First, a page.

The practice is far from universal among Shias and has been the subject of heated debate throughout the Muslim world. Similar ceremonies continue in a handful of other Shia mosques around Britain.
Massoud Shadjareh, of the Islamic Human Rights Commission, condemned it, saying: ‘This is a barbaric practice and should not be allowed for all kinds of reasons, not least health-and-safety grounds because of the blood that is flying around and the danger of cross-infection from the implements.
‘The committee running the mosque had been trying to get this stopped for years, but no one would help them, including the police and the council and the local MP Sadiq Khan, as they were always told it was on private premises and a religious matter. Everyone treats it with kid gloves because of the sensitivities.
‘But the truth is there is no obligation upon Muslims to do this. In 2011, Wandsworth even let them erect a tent next to the mosque over council parking spaces.’
When the MoS visited the Idara-e-Jaaferiya mosque this weekend, two clerics, who did not want to be identified, said the zanjeer zani ritual took place in the main prayer hall of the mosque, but had now stopped.
They confirmed that the footage was taken in the main prayer hall, used during large gatherings such as Friday prayers, and that the green carpet of the main hall had to be changed as it became contaminated with blood, despite the attempts to protect it with plastic sheets.
One of the men named in the court documents, 47-year-old businessman Nadeem Abbas, defiantly predicted that others may well continue the rite when the Day of Ashura next comes around in October.
Mr Abbas claimed the flagellation issue was being used as an excuse to silence those who criticised the way the mosque was being run. He said: ‘This is a political dispute more than a religious one. They didn’t like the fact we were handing out leaflets and questioning the committee’s decisions, so they chose flagellation as the way to ban us from the mosque, but now we’re allowed back in.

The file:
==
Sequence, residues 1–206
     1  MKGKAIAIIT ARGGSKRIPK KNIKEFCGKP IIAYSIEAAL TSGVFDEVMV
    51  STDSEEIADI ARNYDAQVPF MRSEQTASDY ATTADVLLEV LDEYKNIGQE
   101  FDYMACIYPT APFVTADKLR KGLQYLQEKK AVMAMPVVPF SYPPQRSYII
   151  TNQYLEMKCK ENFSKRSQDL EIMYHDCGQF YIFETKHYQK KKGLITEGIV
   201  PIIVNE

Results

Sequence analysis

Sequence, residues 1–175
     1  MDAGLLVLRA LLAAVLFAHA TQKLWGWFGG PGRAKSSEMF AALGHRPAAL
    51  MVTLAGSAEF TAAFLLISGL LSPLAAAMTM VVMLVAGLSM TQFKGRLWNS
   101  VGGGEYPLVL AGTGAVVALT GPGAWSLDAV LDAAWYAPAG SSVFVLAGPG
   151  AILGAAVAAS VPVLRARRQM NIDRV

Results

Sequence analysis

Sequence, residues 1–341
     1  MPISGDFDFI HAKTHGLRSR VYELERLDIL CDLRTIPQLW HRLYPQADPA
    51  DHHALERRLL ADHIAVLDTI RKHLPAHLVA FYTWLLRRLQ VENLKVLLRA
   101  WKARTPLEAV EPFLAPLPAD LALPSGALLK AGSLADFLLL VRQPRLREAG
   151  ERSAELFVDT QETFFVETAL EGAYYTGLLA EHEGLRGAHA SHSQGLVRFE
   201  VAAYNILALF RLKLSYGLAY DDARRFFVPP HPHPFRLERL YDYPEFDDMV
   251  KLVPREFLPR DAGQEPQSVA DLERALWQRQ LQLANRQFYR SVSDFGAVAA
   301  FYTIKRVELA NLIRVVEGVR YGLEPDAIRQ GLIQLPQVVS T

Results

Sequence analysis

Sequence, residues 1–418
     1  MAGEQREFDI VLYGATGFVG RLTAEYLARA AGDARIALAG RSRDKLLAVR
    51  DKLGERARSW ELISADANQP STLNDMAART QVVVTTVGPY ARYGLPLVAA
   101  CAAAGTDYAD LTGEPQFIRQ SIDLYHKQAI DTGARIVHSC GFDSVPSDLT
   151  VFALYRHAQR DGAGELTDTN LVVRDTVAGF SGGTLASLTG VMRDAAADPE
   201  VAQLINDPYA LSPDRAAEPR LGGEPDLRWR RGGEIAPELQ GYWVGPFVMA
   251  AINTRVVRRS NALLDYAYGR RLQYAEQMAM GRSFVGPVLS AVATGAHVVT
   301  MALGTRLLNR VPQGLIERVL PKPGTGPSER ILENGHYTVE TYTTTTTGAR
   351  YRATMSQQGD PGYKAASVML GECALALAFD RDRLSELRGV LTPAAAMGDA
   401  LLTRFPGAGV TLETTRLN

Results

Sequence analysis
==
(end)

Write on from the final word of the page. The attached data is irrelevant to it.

‘Only the named people are banned from practising it in the mosque – others may well take part next time the Day of Ashura comes around. This ritual is allowed in the Shia religion. I’ve only done it myself when I was 18, but I respect other people’s right to do it.’
Shias make up less than ten per cent of the world’s 1.5 billion Muslims. In Britain, the Shia population is believed to be about five per cent of Muslims, and the Idara-e-Jaaferiya mosque is mainly used by Shias from Pakistan.
Self-flagellation is also a rarely observed Christian tradition. In the 13th Century, a group of Roman Catholics – known as the Flagellants – went to extreme ends.
They were later condemned by Rome as a cult, but the practice continues among some Catholics in the Philippines and Mexico. Some members of the Catholic lay organisation Opus Dei also practise milder self-flagellation using a whip of knotted cords.
A Wandsworth Council spokesman said: ‘We would be concerned about the public-health implications if this form of worship were to take place, and if so, we would want to work with the local community, the police and other agencies to ensure that the risk to public health was minimised.’ The mosque authorities declined to comment. A Metropolitan Police spokesman could not immediately comment on the row, but added: ‘The Met will always investigate any allegation of crime reported to us.’…
Courtesy of Pamela Geller